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|Paynesville Press - July 20, 2005|
City council backs west alignment to MnDOT
The Paynesville City Council confirmed its support for the west alignment alternative for Highway 23, unanimously approving a letter of comment to MnDOT last week.|
MnDOT is accepting comments about its draft Environmental Impact Statement (EIS) until Thursday, July 21. This study will determine the future route of Highway 23. The public can send written comments to: Lowell Flaten, MnDOT - District 8 Project Manager; 2505 Transportation Road; Willmar, MN 56201-0768. His fax number is 320-231-5168.
Mayor Jeff Thompson and council members Jeff Bertram, Jean Soine, and Dennis Zimmerman unanimously approved sending the letter to MnDOT at the city council meeting on Wednesday, July 13. Council member Tom Lindquist was not present at the meeting.
The letter - written by Thompson and city administrator Steve Helget - rejects the far west bypass as being too far from businesses, too expensive for the city to extend water and sewer lines to new developments, and for not touching the city limits, as is required. Letter to MnDOT
The letter (in the shaded box at right) also rejects improving the through-town route because it would displace nearly 40 homes and businesses; because it would split the city (dividing downtown from most residential areas); and because of negative impacts to air and noise pollution and pedestrian safety.
The east bypass would serve the city better than these two alternatives, but would divide it from the main population base in the township. Plus, it goes through an area that the city has targeted for residential growth, and it would impact the Lake Koronis Recreational Trail.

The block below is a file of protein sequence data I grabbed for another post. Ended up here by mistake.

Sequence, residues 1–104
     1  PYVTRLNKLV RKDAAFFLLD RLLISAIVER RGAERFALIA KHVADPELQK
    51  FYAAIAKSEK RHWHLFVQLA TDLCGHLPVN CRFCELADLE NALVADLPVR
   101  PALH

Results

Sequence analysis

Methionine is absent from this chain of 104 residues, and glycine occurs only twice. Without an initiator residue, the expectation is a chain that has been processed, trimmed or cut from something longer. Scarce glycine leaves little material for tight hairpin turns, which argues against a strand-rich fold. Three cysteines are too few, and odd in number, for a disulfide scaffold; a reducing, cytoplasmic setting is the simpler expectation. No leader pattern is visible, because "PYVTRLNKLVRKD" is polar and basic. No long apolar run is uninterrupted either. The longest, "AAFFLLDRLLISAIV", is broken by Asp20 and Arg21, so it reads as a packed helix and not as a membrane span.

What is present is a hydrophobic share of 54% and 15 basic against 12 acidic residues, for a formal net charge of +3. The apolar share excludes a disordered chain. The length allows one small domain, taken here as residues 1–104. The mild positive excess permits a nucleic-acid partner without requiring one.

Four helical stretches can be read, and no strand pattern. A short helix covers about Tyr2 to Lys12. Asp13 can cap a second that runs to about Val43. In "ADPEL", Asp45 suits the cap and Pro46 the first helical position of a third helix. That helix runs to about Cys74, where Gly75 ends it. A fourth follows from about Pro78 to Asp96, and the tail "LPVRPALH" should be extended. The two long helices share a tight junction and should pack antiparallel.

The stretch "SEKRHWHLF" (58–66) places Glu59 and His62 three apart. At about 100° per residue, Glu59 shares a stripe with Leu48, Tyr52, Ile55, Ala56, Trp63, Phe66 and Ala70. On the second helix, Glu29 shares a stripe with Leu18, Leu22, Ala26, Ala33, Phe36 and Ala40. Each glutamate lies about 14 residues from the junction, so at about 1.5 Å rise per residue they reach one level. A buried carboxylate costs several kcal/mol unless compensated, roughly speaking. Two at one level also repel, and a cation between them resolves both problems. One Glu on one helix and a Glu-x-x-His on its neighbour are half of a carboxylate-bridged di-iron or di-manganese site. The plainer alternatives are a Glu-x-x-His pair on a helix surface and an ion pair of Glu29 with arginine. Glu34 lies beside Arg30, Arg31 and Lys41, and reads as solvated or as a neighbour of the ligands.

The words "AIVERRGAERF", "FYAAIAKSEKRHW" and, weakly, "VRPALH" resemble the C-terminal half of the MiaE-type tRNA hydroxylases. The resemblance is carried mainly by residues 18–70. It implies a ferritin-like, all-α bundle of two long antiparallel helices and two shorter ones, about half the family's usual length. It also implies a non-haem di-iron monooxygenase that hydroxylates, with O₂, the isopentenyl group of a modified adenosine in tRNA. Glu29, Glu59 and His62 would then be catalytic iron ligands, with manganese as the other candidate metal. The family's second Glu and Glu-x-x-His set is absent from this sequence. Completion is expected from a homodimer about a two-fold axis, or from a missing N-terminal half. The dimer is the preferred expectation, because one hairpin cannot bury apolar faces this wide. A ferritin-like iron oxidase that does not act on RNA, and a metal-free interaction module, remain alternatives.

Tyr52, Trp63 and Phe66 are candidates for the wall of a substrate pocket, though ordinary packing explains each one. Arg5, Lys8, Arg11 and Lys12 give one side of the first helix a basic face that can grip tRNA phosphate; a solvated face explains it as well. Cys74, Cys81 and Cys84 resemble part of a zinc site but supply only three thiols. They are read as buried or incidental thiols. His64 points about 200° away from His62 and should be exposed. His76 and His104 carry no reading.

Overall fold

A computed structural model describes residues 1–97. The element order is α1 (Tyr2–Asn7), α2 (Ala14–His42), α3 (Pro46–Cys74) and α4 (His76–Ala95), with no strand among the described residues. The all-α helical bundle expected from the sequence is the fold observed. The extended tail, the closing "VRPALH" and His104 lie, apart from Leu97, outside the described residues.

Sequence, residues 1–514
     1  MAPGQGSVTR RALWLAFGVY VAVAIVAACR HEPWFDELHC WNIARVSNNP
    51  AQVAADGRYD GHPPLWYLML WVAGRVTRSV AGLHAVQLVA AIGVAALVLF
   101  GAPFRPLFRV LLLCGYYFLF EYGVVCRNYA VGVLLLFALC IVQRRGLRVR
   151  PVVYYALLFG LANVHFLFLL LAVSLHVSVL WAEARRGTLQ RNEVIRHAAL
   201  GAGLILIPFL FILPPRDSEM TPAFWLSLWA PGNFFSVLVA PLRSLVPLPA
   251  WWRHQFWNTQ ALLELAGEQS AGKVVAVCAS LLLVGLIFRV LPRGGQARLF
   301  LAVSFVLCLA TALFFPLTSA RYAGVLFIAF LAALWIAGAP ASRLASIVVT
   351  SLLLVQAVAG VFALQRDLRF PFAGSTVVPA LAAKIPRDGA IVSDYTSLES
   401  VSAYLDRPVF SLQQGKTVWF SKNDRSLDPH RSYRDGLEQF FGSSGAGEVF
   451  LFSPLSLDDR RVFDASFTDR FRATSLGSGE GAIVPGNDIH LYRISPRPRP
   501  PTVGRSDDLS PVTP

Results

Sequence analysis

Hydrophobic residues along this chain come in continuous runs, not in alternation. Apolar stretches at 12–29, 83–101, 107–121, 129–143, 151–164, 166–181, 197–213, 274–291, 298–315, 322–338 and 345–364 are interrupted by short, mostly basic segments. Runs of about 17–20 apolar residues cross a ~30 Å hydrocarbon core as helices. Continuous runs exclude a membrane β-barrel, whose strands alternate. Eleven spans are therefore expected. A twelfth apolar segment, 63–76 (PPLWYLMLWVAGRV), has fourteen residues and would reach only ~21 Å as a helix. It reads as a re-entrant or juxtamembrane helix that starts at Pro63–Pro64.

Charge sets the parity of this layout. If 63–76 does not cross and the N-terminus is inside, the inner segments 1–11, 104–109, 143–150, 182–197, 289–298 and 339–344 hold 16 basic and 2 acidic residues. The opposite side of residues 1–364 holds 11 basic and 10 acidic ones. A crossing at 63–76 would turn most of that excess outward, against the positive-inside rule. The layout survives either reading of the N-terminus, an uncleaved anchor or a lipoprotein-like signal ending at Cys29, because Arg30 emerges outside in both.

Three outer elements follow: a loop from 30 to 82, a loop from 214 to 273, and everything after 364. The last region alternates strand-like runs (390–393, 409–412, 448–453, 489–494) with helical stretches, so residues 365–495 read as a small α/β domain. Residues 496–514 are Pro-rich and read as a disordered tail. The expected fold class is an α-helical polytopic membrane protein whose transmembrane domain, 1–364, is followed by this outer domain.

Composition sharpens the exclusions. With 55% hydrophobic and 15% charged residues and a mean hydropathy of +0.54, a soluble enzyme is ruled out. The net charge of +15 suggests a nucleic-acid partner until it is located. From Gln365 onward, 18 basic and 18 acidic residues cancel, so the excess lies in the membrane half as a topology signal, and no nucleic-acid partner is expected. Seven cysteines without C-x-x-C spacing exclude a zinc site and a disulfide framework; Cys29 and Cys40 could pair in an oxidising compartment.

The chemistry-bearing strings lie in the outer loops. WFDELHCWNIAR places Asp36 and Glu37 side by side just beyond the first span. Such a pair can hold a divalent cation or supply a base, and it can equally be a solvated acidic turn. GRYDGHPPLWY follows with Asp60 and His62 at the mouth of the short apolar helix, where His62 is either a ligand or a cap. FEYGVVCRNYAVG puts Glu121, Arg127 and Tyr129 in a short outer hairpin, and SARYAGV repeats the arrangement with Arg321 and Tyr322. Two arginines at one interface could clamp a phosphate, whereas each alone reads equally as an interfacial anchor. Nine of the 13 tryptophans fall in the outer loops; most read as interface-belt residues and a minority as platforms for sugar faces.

Not improving Highway 23 - the no-build alternative that is required to be studied - is rejected by the council due to congestion, which would get worse as traffic increases.
"The 'West Alignment Alternative,' compared to the other alternatives, has the least problems and offers the most compromises," concludes the letter. "It would abut the existing city limits and would not split the city. In addition, the cost of extending water and sanitary sewer services to new developments along the highway will be more feasible. The west alternative will better serve the city's existing commercial, retail, and service businesses, as well as our industry."
The city council also noted in its letter that the Lake Koronis Recreational Trail is also scheduled to be extended along Cemetery Road in 2006 and would be impacted by the west bypass and that Lake Avenue would likely need to be rebuilt north of town due to heavier truck traffic to the Industrial Park.
The letter continues support by the council for the west alignment alternative. In August 2003, council members took a survey, with the west bypass rating as their top choice. In February 2005, after Bertram and Lindquist joined the council, they reiterated support for dropping the far west bypass as an option while reiterating support for Highway 23 improvements.
Before the council action last week, Mike Flanders, who represented Roseville Township on the Highway 23 Task Force, told the council that he agreed with their letter and urged them to be vigilant with MnDOT. After serving on the advisory task force, Flanders said that he felt like MnDOT did not really listen to their comments and concerns but noted that they need to listen to the council. (MnDOT needs to have its construction plans approved by the council or face a lengthy appeals process.) Any local control over Highway 23, rests with you, Flanders told the council.
The council did discuss three points, raised by Bertram, dealing with Highway 23: that the process failed, being too slow with inexcusable delays; that traffic counts should be updated now that the four-lane highway from I-94 to Richmond is complete and the four-lane highway from Willmar to New London is nearing completion; and that MnDOT needs to make a decision soon, since people are waiting to learn what is decided.
Bertram offered to make these points in a personal letter. His points got general agreement from the other council members, but they did not include them in the current letter, believing it should focus on the route choice, not the process.
MnDOT plans to use official comments - along with the information gathered in the draft EIS - to determine the "preferred alternative" later this summer or fall.
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